Reading Together: Mock Caldecott Awards
This edition of “Reading Together” is going to be a little different.
I’m not just going to go over a few of our favorite books lately. For this post, the picture books below are a few of our favorites from this year’s Kansas City Mock Caldecott & King Awards list. Next Tuesday, I will be attending the Kansas City Mock Literary Awards, which is a local discussion of the best picture books, middle grade fiction books, and young adult fiction books from the previous year (2011). Mock Literary Awards discussions will be going on all over the country during the month of January in anticipation of the official awards announcement at the ALA Midwinter Meeting on the morning of January 23rd.
I’ve been fervently reading the 12 selected books for the Mock Newbery Awards. Currently, I’m at 7 out of 12 and will be writing about them all when I finish later this weekend.
As always, this is just a list of books we liked reading together.
We’ve checked out this book a couple times this year and are obviously Kevin Henkes fans (see here and here). He’s found something very special with his illustration style that really speaks to children and adults alike. Kevin Henkes won the Caldecott Medal for his book Kitten’s First Full Moon back in 2005.
Hopper and Wilson by Maria Van Lieshout
I seen a few reviews that relate Hopper and Wilson to a Piglet and Pooh, which I think is pretty accurate. Stuffed animals on an adventure, full of simple wisdom.
I think this was fantastic. It was lyrical and to the point. And the illustrations…. well, the illustrations you just have to see for yourself.
A Ball for Daisy by Chris Raschka
This is such a cute book. I like it so much that I’m pretty sure I’m going to create a storytime about “stars” just so I can read it aloud.
I especially enjoyed this book, but I’m not sure the audience it is written for. It seems that the adults ohh and ahh when they see it, but I haven’t seen many kids pick it up.
One of my favorite children’s poetry books is Dark Emperor (which won a Caldecot Honor), so naturally when Joyce Sidman and Beth Krommes paired up for Swirl by Swirl I was an instant fan. Beth Krommes was previous awarded the Caldecott Medal in 2009 for House in the Night.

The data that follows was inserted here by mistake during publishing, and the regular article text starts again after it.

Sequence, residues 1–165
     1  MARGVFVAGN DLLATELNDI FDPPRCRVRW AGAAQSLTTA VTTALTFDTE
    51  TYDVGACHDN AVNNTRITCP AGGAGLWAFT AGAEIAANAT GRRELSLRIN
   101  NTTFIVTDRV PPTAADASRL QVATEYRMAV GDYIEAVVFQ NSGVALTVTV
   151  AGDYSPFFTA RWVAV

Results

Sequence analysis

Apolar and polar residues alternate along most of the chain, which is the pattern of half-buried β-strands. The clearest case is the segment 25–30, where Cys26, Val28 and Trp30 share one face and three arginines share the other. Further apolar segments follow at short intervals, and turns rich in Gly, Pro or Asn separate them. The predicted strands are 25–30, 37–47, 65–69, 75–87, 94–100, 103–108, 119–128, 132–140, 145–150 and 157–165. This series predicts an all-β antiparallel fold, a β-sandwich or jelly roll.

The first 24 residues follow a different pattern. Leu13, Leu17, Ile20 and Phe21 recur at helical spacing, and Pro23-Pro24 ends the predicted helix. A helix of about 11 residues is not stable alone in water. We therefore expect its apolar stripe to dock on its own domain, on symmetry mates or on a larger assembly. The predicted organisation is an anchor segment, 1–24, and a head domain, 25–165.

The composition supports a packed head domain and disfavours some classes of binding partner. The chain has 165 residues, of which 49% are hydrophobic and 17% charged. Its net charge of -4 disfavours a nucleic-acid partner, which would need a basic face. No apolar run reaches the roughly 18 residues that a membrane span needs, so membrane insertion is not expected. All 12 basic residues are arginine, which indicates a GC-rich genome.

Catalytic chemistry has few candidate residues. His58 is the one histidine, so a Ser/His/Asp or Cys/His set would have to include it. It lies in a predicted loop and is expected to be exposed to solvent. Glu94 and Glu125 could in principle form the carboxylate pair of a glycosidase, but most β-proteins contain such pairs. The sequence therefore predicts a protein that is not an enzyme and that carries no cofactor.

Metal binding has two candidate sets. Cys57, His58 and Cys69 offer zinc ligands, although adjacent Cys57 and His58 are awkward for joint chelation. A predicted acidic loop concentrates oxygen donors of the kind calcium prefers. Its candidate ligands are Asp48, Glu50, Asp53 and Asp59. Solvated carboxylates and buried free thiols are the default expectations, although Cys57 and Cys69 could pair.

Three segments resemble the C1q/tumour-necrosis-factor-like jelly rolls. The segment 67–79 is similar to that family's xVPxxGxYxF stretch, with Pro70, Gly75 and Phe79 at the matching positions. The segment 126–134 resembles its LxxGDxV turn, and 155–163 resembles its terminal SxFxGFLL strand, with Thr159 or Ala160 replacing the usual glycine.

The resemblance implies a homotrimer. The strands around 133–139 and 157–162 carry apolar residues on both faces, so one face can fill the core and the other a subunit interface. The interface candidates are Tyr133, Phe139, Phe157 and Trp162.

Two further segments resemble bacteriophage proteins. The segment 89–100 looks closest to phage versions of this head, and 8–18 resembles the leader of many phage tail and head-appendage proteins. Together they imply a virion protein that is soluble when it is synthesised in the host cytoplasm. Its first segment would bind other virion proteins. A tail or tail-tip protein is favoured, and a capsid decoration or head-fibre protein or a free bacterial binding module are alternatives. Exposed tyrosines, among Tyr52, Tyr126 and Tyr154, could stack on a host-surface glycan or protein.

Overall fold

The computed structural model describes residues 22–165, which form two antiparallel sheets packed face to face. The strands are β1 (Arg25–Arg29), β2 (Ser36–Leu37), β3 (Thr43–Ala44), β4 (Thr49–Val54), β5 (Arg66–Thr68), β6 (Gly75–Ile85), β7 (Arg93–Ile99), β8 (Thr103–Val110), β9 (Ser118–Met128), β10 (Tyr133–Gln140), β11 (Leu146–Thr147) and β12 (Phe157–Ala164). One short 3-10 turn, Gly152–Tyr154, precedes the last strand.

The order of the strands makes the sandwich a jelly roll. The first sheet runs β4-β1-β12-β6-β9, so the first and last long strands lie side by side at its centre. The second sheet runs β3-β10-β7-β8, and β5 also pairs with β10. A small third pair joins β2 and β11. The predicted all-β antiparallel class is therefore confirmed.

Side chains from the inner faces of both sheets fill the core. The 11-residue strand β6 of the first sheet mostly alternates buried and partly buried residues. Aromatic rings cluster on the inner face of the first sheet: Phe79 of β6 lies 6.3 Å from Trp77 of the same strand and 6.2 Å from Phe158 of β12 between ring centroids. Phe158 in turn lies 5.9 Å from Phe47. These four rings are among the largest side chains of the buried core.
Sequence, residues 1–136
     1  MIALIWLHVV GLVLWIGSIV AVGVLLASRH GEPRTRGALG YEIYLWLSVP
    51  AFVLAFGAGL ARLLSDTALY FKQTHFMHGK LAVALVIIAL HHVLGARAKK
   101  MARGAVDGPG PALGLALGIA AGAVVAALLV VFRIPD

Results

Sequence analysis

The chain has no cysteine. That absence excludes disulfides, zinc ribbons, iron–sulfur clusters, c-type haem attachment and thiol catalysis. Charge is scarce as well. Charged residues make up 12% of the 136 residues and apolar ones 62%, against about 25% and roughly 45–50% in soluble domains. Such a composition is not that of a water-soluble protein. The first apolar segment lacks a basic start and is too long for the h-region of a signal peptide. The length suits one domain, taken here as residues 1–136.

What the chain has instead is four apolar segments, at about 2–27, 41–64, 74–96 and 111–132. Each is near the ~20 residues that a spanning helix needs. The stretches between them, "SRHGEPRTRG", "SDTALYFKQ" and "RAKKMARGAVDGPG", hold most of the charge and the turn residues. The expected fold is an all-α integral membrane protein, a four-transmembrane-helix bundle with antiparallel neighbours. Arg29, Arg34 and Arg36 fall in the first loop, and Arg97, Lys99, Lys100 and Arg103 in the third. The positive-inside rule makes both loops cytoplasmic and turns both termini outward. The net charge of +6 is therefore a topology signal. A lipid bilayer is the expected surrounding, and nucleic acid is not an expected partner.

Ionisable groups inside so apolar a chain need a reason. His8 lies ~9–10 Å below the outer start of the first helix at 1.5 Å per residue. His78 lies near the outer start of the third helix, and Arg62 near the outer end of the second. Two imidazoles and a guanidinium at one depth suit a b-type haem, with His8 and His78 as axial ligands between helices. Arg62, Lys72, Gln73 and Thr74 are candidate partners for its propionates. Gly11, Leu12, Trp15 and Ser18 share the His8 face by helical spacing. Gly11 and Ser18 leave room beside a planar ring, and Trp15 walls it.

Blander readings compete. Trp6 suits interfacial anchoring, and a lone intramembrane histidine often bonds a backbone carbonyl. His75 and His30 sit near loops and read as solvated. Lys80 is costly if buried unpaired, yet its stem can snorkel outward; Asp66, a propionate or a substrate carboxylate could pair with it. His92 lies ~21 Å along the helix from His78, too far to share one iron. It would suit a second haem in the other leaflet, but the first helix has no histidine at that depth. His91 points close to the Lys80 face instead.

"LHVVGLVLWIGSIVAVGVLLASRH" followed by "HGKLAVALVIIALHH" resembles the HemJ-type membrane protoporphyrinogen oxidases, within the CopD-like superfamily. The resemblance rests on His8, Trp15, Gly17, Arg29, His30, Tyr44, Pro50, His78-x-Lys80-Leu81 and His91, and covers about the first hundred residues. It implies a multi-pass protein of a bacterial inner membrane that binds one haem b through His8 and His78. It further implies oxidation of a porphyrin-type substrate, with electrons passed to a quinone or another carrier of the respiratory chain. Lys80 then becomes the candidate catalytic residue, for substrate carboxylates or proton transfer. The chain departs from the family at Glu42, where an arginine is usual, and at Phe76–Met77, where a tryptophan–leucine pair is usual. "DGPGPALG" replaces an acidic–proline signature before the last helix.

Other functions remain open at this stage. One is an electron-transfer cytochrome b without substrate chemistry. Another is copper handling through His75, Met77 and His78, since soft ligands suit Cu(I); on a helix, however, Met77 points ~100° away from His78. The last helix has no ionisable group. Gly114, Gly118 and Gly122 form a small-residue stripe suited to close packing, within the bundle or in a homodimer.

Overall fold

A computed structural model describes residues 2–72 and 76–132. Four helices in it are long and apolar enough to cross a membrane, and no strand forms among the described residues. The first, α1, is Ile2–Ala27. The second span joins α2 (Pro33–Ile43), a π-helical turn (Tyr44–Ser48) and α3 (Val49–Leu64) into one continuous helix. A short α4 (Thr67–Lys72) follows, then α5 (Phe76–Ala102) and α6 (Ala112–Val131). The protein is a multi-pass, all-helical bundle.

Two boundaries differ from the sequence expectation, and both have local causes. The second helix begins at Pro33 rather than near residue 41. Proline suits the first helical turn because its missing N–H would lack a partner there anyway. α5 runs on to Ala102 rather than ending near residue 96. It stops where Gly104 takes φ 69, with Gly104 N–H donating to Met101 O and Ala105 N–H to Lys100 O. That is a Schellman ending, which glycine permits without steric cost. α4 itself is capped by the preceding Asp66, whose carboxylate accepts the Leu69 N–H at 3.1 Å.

This was another one I checked out over the summer and really enjoyed. Brought it home to show Will not thinking LBD would like it, but she did. It was just the perfect length and the pictures were simple enough to keep her attention. Will and I like it because it takes place in NYC during the first major blackout in the 70′s.
The illustrations in this book are nice. The story is a little bizarre, but LBD liked looking at the pictures. Philip C. Stead won the Caldecott Medal last year for his A Sick Day for Amos McGee.
A Nations’s Hope: The Story of Boxing Legand Joe Louis by Matt De La Pena, illustrated by Kadir Nelson
This book was a selection for both the Caldecott and the King discussion. This is my favorite by far. LBD didn’t pay much attention to it, as most of the books nominated for the King award were too long for her, but I couldn’t resist not having it up here. I still can’t get that image of Joe Louis as a young boy out of my mind. An incredible story with incredible illustrations.
All the Mock Coretta Scott King Award books were a little out of LBD’s league. They are all for a much older reader. BUT I do want to mention how much I enjoyed Underground: Finding the Light to Freedom by Shane W. Evans, Heart and Soul by Kadir Nelson (same illustrator as the above book, A Nation’s Hope… my bets are on him winning the King award this year), Roots and Blues by Arnold Adoff and illustrated by R. Gregory Christie, and Giant Steps to Change the World by Spike Lee and Tonya Lewis Lee and illustrated by Sean Qualls (probably going to use this one for Martin Luther King Jr. Day Storytime in a couple weeks).
Now, it’s time for me to get back to reading while the wee one takes her afternoon nap.
Gotta finish that Mock Newbery list.
***’Reading Together is a sampling of picture books I’m currently reading aloud to LBD (also known as L or Little L), my toddler daughter. As a children’s librarian, I’m always bringing home stacks and stacks of books to share together. Old and new. These are our favorites. Sometimes read over and over and over again…. Times thirty. To the tenth power.***